6 good reasons to learn shakuhachi

6 good reasons to learn shakuhachi

1. It is a very special instrument: its sounds is unique and will open a new world for you.

2. It is a deep breathing training: bringing your awareness to your breath is relaxing and a deep breathing training is very good for your health. It will help you find a quiet moment for yourself.

3. It is a challenging instrument:

  • physically: to get a sound, to keep it, to get the proper pitch.
  • mentally: to go on and don’t give up because it’s more difficult than what you thought. You can do it.
  • energetically: it’s a mirror of your energy level, and it will help you to improve it.
  • spiritually: you’ll have to let go of your self and accept what is given by the flute. Playing the old traditional music is a spiritual act.

4. It is a very old tradition, which reaches people deeply.

5. It will improve your concentration in your daily life.

6. It will bring peace in your life. And you’ll be able to share this peace with the people around you by playing shakuhachi for them.

Online Shakuhachi Performances

The Covid-19 pandemic has initiated new activities in my life as a professional shakuhachi player, which is to perform online. I had some resistance at the beginning of the pandemic and it took me time to surrender to the situation… and start performing online.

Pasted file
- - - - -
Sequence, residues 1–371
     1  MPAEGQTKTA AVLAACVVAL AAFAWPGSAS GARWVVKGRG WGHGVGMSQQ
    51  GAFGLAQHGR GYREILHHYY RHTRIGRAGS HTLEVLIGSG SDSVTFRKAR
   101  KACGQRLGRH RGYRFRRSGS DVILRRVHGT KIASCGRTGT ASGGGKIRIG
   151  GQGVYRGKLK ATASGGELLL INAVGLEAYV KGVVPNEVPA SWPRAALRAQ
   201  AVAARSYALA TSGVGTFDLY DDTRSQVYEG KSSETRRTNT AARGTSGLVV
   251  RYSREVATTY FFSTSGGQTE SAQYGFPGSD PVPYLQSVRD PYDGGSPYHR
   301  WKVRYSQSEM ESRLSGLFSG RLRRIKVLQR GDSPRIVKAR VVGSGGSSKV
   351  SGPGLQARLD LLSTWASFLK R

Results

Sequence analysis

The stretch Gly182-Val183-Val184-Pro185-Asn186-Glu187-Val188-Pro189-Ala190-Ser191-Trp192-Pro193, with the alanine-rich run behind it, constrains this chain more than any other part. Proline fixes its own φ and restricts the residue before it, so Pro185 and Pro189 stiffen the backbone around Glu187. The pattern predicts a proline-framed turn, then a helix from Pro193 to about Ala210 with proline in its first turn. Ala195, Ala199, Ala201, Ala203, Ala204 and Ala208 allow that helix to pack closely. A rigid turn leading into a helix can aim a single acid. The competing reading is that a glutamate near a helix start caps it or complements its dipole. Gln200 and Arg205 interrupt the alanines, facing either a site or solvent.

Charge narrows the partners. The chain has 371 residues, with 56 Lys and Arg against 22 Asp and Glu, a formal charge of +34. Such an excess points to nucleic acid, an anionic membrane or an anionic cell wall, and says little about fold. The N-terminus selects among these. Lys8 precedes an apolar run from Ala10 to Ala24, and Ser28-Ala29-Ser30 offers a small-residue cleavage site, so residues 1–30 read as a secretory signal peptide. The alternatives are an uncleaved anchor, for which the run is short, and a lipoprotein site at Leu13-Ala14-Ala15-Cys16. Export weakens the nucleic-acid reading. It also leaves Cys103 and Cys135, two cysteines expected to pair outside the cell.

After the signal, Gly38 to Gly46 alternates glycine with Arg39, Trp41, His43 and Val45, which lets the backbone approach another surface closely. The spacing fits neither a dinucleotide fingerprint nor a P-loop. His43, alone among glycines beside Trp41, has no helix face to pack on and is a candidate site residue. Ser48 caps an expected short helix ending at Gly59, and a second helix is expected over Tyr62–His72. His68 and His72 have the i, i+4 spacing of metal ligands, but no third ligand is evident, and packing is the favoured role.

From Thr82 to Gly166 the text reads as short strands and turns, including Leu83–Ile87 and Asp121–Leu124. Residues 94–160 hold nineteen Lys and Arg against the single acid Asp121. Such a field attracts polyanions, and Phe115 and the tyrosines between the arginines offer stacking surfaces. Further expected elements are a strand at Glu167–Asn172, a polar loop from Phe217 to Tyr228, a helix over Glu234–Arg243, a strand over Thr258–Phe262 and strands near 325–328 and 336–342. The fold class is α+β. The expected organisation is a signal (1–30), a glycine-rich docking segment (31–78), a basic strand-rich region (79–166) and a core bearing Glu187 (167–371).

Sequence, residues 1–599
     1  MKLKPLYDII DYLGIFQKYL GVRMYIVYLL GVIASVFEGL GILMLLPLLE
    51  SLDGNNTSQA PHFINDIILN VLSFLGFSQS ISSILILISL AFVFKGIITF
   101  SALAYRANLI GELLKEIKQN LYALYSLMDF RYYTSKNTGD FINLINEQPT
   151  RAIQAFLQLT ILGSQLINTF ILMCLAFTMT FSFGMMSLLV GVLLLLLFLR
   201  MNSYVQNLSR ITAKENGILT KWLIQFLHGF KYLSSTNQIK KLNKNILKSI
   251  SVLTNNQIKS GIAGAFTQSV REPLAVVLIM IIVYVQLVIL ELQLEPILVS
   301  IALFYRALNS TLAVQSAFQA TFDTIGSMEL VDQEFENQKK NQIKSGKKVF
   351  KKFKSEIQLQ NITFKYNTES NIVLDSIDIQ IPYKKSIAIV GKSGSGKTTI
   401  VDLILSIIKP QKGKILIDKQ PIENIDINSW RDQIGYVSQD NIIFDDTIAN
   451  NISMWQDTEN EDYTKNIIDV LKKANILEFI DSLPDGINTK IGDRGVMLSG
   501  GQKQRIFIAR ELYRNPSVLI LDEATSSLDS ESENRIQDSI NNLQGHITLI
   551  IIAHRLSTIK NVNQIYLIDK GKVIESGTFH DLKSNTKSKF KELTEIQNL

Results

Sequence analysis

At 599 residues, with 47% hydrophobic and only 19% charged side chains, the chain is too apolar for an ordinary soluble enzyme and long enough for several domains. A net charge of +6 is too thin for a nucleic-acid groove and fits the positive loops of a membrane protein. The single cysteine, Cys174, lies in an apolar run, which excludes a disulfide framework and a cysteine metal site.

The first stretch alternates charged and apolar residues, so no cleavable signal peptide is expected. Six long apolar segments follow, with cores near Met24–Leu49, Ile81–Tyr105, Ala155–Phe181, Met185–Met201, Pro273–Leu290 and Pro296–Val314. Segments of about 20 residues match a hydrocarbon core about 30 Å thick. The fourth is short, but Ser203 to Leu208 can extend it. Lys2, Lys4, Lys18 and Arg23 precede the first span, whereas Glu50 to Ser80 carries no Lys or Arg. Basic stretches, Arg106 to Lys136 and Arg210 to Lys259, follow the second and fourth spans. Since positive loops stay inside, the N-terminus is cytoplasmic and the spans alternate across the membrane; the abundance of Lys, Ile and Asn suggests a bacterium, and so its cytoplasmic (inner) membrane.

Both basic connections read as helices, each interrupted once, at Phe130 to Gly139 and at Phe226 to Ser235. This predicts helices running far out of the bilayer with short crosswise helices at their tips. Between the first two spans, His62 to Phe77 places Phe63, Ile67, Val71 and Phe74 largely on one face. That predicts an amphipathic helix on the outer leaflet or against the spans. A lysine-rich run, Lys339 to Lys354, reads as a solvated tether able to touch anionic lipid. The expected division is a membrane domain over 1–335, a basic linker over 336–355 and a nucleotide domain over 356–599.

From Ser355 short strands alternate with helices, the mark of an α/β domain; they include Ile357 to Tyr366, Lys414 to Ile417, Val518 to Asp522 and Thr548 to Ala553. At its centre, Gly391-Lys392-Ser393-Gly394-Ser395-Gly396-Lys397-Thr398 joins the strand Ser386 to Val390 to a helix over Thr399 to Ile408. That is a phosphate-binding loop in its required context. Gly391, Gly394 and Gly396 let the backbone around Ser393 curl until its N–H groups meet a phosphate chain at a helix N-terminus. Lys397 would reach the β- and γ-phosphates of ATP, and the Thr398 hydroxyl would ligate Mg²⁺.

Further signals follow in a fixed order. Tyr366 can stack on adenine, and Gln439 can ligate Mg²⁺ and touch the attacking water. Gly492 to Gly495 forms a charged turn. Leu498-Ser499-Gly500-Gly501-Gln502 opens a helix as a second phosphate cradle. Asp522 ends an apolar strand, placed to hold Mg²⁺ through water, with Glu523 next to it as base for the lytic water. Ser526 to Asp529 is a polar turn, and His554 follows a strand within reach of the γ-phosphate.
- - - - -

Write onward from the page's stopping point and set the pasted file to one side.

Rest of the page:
And now, I’m really liking it. It is very different from physical performances of course and I do miss the direct interaction with the audience, but it feels special to be connected at the same time to people sitting in different places in the world. And there is sometimes even a more personal interaction with the audience through the chat than during a real concert.

This keeps me going. I’m not waiting anymore for the “old situation” to come back, I don’t believe it ever will. So I’m building up with what is possible for me here and now.

So I’m very happy to announce my next online performances!

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Online Meditations 2022

Did you know that my weekly online meditations, which I started in May 2020 during the Covid-19 pandemic with the purpose of staying connected and blowing together for better health in the world, are still going on?